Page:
Here are a few of the most commonly abused archetypes for people writing “the other” that you can use as a litmus test. While using these stereotypes isn’t inherently bad writing, it could be a sign that you have used a shortcut to fill in gaps in your own knowledge, which can result in a bypass of much-needed character development.
Commonly Misused Archetypes of “the Other” and How to Fix Them
Is your character incredibly dastardly? Does he or she have one-dimensional reasoning or a singular motivation for every evil thing they do? This is the literary equivalent of a straw man, a person who loves to hate or destroy simply because the plot calls for it. Do they also represent a group of people that you personally dislike or don’t know well? Be careful.
Unless you’re writing middle grade, this misused archetype can (at best) make readers shrug and (at worst) alienate any readers who consider themselves part of that group. It is often used to villainize religious, political, or cultural beliefs.
Take a look at the villain’s goals and do some research. What makes them tick? The most realistic and terrifying villains have neutral or even good intentions that are warped until they are willing to do objectively awful things to obtain this perceived “good.” Capitalize on that and give your villain some depth. Everyone is the hero in their own story, and if the character believes that, the reader is more likely to.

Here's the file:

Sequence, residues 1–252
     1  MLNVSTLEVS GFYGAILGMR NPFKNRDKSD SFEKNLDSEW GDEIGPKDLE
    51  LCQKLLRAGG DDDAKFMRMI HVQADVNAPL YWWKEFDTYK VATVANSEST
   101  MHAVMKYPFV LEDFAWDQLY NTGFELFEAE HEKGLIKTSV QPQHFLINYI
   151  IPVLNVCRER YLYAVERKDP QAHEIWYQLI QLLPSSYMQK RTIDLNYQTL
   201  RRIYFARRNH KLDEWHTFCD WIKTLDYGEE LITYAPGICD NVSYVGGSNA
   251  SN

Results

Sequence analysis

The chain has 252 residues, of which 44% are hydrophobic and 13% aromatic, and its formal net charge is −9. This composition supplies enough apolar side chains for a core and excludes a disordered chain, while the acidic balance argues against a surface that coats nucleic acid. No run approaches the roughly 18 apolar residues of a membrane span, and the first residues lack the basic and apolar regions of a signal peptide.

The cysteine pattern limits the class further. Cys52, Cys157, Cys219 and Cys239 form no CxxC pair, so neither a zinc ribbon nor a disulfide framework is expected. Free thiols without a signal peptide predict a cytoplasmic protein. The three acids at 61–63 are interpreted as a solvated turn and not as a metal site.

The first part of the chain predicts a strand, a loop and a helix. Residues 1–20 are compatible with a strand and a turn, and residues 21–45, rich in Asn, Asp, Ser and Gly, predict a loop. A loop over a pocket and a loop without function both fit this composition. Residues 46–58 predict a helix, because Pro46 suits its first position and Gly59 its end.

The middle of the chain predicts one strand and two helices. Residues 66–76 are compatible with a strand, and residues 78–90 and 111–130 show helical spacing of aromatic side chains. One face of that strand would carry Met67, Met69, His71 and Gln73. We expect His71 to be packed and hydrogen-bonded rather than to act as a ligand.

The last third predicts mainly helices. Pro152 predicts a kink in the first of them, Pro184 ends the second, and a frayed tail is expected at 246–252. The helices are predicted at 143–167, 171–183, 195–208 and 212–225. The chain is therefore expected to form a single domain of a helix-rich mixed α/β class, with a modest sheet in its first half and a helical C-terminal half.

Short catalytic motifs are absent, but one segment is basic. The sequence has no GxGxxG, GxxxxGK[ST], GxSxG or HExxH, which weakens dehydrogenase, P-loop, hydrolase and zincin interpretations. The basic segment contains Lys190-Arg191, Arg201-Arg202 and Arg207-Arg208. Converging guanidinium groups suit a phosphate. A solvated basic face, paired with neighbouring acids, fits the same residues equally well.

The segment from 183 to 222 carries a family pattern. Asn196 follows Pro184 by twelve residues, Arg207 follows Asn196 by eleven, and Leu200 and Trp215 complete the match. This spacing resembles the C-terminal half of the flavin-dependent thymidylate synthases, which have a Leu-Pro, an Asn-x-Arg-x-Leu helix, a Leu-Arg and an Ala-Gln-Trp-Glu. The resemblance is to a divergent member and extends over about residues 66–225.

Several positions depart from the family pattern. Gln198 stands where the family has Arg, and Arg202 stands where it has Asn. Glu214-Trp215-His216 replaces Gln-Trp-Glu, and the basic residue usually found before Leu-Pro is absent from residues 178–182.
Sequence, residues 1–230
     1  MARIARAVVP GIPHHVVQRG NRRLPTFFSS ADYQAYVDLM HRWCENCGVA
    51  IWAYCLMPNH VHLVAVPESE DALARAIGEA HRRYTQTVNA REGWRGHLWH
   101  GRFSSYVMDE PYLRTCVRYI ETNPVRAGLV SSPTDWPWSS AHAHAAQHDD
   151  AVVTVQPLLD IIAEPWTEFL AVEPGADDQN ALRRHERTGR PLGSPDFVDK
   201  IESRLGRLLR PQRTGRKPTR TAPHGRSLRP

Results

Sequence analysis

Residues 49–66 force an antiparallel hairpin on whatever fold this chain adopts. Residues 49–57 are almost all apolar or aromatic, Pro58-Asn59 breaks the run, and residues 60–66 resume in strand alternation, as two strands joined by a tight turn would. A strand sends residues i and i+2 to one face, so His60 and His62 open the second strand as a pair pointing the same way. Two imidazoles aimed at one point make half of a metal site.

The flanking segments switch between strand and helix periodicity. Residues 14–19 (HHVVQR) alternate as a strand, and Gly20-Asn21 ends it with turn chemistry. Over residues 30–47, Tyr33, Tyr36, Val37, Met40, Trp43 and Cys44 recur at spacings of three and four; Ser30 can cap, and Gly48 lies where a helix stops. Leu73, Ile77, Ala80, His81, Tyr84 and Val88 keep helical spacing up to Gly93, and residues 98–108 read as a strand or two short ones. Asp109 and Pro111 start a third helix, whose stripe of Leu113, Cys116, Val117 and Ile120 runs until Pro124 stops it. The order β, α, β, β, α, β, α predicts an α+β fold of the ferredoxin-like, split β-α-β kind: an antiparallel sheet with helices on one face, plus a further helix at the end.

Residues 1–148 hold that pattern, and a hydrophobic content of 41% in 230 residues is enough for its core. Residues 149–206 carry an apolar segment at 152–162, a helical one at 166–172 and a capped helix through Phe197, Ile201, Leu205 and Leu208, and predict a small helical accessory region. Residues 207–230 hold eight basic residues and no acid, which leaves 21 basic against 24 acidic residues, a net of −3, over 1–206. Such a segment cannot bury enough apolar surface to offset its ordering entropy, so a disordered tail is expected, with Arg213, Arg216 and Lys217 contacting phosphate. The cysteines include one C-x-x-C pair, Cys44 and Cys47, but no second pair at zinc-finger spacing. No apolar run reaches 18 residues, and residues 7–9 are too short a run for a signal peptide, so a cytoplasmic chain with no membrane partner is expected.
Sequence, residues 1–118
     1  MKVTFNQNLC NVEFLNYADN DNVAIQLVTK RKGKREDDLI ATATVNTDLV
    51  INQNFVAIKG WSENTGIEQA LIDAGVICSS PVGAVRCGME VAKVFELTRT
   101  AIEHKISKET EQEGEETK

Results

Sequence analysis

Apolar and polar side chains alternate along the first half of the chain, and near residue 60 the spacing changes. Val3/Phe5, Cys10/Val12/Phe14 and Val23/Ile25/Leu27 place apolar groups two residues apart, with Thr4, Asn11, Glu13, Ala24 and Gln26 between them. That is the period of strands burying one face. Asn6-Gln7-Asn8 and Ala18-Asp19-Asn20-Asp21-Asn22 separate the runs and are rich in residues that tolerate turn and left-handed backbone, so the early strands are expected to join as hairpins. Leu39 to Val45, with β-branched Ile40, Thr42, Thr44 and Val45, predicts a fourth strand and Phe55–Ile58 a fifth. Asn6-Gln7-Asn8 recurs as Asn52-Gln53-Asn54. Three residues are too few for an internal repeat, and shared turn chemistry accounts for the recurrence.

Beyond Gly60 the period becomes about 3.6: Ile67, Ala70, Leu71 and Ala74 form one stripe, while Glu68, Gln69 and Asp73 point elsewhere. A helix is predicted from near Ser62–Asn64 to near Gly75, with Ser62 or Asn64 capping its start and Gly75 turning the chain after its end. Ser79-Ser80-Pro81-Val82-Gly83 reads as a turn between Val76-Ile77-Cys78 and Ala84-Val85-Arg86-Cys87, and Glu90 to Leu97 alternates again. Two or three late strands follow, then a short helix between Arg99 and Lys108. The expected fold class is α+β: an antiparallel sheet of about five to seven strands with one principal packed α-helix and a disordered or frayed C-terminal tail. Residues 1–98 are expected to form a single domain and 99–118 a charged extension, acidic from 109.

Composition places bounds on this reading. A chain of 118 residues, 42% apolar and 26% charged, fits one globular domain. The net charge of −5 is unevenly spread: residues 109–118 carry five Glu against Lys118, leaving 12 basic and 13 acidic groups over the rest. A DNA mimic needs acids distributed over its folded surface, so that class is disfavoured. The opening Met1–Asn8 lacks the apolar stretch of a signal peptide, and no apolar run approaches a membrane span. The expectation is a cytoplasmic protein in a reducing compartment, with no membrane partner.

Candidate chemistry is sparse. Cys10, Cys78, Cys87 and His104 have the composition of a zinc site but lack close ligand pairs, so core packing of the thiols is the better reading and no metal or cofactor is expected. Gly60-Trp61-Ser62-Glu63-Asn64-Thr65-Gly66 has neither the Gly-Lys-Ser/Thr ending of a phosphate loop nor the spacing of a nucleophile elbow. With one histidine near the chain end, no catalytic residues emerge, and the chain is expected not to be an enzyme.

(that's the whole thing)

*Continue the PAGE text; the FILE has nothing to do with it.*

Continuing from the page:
In The Man in the High Castle, an original Amazon series based on the book of the same name by Philip K. Dick, the Axis powers won World War II. The villain is a high-ranking officer in the American Reich, a man who fought for the United States in the war but compromised everything to save his family when the war was lost. Throughout the series, he commits horrible atrocities because preserving his own family, he believes, is the ultimate good. Instead of painting this Nazi (from an enlightened historical perspective) as a one-dimensional beast or criminal, The Man in the High Castle instilled in him a basic, good human desire and corrupted it, making him a frightening and realistic villain.
Is your character paralyzed by trauma or fear? Do they fail in everything they do? Are they simply there to contrast how powerful and awesome the protagonist is? Watch out.
Especially when this character is set in a subservient position, it could be obvious that they aren’t their own person. This may not be an issue if they are a very minor character, but if they are a supporting character, they will fall flat. This archetype can be used in a negative (“don’t do what he’s doing, kids!”) or positive (“look what a funny fellow!”) light, but neither are very effective. A cautionary or token example is not a person, and highlighting a person’s actions or failures and removing the humanity could drive away rather than engage readers.